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The fiddle was adopted as the Arkansas State Musical Instrument by the General Assembly of 1985. Otherwise known as the violin, the instrument has been commonly associated with Arkansas folk music and culture. The humorous tale "Arkansas Traveler"illustrated the fiddle's association with early Arkansas. Today, the art of fiddling is promoted in Arkansas by local folk music societies, a handful of violinmakers and the state's annual Old-Time Fiddling Championship, held each autumn at the Ozark Folk Center in Mountain View (Stone County).
On February 28, 1985, the Arkansas
legislature approved Act 277, designating the fiddle as the official musical instrument of the State of Arkansas. The designation, which originated
as House Bill 749 sponsored by Representative Bob Watts of Harrison (Boone County), asserted that the instrument was "most commonly associated
with the musical education and entertainment of the pioneer families of Arkansas and...continues as a dominant musical instrument in the culture...of
the people of Arkansas."Watts's measure was supported in the chamber by Representative Napoleon Bonaparte "Nap"Murphy of Hamburg (Ashley
County), who delivered a brief oration on the floor of the House on the history of the fiddle from medieval times to its modern form.
This official designation is a tangible acknowledgment of the primacy of the vernacular violin in early American musical life. The words "fiddle"and "violin"describe the same instrument, the highest-pitched of the viol family of unfretted stringed instruments. The fiddle's design was effectively standardized by the mid-eighteenth century: a body shaped like an hourglass with a pronounced waist, an ovoid arched fingerboard, four strings usually tuned in intervals of perfect fifths, an arched bridge or string support, and a wooden tailpiece or string anchor. Any violin, when used for playing vernacular or "folk"music, is apt to be termed a fiddle, but some folk performers have modified their instruments by flattening the bridge, making it easier to play double notes or chords. The art of fiddling is promoted in Arkansas by local folk music societies, a handful of luthiers (violin-makers), and the state's annual Old-Time Fiddling Championship, a competition and reunion of vernacular violinists held each autumn at the Ozark Folk Center in Mountain View (Stone County).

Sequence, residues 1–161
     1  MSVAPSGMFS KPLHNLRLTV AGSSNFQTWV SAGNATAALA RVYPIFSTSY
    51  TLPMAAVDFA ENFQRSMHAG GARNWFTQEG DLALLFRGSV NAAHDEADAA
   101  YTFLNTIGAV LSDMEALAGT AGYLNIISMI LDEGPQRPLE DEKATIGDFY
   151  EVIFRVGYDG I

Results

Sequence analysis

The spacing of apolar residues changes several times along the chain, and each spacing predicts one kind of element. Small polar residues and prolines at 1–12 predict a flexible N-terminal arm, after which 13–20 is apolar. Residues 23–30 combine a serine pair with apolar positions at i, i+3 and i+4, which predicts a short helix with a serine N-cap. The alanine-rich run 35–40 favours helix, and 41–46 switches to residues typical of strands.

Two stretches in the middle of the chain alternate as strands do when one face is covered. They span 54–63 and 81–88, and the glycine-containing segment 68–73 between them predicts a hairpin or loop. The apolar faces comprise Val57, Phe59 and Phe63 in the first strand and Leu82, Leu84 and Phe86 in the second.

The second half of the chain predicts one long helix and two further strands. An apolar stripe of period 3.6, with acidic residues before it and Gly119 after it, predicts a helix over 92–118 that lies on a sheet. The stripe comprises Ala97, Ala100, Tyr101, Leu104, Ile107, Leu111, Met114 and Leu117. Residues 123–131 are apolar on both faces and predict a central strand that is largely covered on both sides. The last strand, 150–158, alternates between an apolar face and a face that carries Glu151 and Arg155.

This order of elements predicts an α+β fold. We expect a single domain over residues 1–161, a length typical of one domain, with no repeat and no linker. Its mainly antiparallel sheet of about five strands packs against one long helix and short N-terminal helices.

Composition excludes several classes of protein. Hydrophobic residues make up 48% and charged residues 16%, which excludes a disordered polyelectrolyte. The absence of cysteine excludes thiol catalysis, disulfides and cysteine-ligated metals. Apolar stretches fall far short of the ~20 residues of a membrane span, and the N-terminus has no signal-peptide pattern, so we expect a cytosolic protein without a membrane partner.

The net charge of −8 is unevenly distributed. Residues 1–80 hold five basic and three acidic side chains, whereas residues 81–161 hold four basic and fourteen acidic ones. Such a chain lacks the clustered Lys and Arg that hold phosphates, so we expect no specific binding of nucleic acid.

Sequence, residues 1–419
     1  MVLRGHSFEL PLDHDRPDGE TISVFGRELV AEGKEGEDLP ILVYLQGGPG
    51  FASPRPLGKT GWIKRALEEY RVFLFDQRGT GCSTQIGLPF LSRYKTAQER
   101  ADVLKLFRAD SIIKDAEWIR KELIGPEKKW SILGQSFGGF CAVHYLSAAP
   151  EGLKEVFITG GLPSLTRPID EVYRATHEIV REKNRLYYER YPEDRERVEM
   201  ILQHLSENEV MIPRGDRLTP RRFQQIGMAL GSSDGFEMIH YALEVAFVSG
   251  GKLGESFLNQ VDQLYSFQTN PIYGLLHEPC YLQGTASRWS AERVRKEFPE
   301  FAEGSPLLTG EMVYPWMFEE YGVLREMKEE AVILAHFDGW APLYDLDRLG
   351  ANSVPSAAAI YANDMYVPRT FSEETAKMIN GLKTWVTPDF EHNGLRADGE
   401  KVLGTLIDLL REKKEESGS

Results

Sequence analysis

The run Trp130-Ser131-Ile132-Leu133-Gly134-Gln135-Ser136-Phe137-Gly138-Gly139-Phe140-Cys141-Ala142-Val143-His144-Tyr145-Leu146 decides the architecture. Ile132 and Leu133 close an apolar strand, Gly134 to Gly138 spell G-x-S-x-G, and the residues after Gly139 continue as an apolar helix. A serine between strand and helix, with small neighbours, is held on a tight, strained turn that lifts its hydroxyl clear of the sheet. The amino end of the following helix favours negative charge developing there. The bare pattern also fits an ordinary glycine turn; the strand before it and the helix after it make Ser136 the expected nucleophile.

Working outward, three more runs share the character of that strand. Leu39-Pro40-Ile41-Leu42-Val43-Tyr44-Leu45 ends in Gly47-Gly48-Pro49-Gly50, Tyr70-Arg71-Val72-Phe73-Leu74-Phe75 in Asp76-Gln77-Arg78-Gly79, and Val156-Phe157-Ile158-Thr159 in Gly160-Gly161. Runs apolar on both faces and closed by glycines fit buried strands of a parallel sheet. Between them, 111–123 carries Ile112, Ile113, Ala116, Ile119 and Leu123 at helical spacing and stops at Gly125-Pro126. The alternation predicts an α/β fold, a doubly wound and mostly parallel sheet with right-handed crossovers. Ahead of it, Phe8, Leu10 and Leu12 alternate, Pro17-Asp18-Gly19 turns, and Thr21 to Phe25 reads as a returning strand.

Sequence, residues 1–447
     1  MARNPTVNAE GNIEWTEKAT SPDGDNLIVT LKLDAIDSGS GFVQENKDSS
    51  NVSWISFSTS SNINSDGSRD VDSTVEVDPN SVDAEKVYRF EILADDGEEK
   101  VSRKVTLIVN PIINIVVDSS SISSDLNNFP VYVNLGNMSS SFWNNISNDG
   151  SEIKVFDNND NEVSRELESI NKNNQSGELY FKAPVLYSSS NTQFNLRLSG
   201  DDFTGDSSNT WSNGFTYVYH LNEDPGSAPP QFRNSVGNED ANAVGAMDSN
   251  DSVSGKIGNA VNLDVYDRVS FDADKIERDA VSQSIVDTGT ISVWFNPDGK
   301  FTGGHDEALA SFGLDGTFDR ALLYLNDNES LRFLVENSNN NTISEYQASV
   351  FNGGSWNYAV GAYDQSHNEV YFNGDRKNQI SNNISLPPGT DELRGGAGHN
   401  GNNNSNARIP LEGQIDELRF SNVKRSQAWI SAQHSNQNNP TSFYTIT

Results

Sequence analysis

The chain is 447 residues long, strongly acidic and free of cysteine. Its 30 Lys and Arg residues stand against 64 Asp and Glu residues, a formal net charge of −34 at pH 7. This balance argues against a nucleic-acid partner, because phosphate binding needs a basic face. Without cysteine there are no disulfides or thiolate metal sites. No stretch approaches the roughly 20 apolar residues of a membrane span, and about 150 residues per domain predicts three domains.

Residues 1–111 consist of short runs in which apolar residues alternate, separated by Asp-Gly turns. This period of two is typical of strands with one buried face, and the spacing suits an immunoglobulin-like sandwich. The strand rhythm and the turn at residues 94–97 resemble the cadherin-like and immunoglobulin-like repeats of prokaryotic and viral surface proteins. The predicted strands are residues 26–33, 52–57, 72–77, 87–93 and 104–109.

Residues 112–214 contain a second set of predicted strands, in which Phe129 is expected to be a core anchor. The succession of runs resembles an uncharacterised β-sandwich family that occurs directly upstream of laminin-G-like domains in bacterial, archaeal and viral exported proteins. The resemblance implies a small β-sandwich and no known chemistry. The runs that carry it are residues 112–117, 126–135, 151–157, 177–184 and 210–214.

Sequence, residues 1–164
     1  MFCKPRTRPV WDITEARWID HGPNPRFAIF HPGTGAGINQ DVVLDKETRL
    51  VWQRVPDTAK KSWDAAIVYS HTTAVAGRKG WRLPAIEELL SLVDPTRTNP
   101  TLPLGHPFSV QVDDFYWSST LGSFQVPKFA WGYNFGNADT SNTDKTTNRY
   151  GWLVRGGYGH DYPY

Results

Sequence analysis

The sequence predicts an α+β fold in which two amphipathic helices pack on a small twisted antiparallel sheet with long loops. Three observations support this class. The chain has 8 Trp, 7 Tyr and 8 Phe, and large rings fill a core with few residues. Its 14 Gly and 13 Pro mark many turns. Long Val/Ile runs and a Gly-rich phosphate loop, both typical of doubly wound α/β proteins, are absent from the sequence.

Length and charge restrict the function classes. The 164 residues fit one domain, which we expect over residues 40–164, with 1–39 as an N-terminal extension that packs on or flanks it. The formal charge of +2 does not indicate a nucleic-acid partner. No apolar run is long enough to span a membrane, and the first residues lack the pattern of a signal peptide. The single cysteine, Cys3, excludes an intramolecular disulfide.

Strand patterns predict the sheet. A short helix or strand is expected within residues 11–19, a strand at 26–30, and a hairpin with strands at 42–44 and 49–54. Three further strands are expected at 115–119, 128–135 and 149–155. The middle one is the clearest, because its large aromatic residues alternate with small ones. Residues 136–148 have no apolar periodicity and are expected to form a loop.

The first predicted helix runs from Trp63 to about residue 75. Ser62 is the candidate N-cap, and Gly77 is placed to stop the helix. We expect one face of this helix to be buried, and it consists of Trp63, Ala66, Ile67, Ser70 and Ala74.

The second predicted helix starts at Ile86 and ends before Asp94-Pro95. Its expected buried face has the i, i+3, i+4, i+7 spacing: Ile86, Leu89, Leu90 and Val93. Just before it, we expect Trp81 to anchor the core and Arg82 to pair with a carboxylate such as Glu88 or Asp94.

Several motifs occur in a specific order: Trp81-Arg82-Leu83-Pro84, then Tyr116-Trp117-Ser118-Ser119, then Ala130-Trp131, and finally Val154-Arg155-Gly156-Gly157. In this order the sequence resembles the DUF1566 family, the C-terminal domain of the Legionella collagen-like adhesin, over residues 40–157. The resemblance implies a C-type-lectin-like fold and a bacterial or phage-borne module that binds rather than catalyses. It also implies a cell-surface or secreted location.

The violin, or fiddle, was perhaps the most commonly encountered musical instrument in the years of the United States' westward expansion. The fiddle's convenient size, relative robustness, high volume, and the ease of rudimentary apprehension made it well suited for carrying on long trips; even the musically challenged could manage to scrape out the rhythms of sacred and secular melodies for family, community, and congregational gatherings.
The fiddle's association with Arkansas was made manifest in the humorous tale and song "The Arkansas Traveler."Popularized by- and possibly originating with- Arkansas politician and raconteur Sandy Faulkner, the story turned on a "city slicker"proving his mettle to a rural squatter by demonstrating skill on the fiddle; the result is an overwhelming outpouring of hospitality. The tale was the subject of a painting by Edward Payson Washbourne that, in the form of chromolithographs published by both Grozelier and Currier & Ives, hung in thousands of American households in the mid-nineteenth century.
Title 1 - General Provisions
Chapter 4 - State Symbols, Motto, Etc.
§ 1-4-113 - State musical instrument.
Universal Citation: AR Code § 1-4-113 (2012)
The fiddle is designated the official musical instrument of the State of Arkansas.